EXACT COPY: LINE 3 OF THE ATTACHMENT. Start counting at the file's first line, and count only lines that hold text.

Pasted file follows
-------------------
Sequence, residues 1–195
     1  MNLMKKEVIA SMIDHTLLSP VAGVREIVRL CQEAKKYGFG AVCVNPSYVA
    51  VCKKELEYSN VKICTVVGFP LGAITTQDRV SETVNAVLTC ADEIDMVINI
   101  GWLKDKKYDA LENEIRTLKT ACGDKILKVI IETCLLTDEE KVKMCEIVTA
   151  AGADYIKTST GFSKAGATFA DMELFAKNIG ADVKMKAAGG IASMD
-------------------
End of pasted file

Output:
    51  VCKKELEYSN VKICTVVGFP LGAITTQDRV SETVNAVLTC ADEIDMVINI